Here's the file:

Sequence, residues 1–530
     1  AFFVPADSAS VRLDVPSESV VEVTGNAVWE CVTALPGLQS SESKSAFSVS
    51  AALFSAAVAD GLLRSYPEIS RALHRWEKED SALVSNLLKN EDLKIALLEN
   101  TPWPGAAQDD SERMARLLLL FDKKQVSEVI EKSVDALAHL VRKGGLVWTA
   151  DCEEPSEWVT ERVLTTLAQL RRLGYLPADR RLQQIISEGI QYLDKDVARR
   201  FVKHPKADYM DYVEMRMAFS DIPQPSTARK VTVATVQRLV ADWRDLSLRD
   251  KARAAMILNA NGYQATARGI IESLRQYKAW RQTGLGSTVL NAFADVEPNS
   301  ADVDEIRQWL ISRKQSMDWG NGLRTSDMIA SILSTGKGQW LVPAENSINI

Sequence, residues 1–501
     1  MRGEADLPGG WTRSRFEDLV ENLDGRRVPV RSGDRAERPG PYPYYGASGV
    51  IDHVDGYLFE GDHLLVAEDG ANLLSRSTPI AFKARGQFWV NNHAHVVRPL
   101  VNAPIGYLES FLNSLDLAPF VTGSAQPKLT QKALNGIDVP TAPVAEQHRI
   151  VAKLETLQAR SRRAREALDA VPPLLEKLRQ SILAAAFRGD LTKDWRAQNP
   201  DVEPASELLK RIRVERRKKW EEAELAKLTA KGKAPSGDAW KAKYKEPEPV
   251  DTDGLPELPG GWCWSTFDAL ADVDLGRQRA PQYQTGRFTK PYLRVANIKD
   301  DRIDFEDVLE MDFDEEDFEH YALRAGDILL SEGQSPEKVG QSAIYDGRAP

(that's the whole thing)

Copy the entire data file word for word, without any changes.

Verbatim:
Sequence, residues 1–530
     1  AFFVPADSAS VRLDVPSESV VEVTGNAVWE CVTALPGLQS SESKSAFSVS
    51  AALFSAAVAD GLLRSYPEIS RALHRWEKED SALVSNLLKN EDLKIALLEN
   101  TPWPGAAQDD SERMARLLLL FDKKQVSEVI EKSVDALAHL VRKGGLVWTA
   151  DCEEPSEWVT ERVLTTLAQL RRLGYLPADR RLQQIISEGI QYLDKDVARR
   201  FVKHPKADYM DYVEMRMAFS DIPQPSTARK VTVATVQRLV ADWRDLSLRD
   251  KARAAMILNA NGYQATARGI IESLRQYKAW RQTGLGSTVL NAFADVEPNS
   301  ADVDEIRQWL ISRKQSMDWG NGLRTSDMIA SILSTGKGQW LVPAENSINI

Sequence, residues 1–501
     1  MRGEADLPGG WTRSRFEDLV ENLDGRRVPV RSGDRAERPG PYPYYGASGV
    51  IDHVDGYLFE GDHLLVAEDG ANLLSRSTPI AFKARGQFWV NNHAHVVRPL
   101  VNAPIGYLES FLNSLDLAPF VTGSAQPKLT QKALNGIDVP TAPVAEQHRI
   151  VAKLETLQAR SRRAREALDA VPPLLEKLRQ SILAAAFRGD LTKDWRAQNP
   201  DVEPASELLK RIRVERRKKW EEAELAKLTA KGKAPSGDAW KAKYKEPEPV
   251  DTDGLPELPG GWCWSTFDAL ADVDLGRQRA PQYQTGRFTK PYLRVANIKD
   301  DRIDFEDVLE MDFDEEDFEH YALRAGDILL SEGQSPEKVG QSAIYDGRAP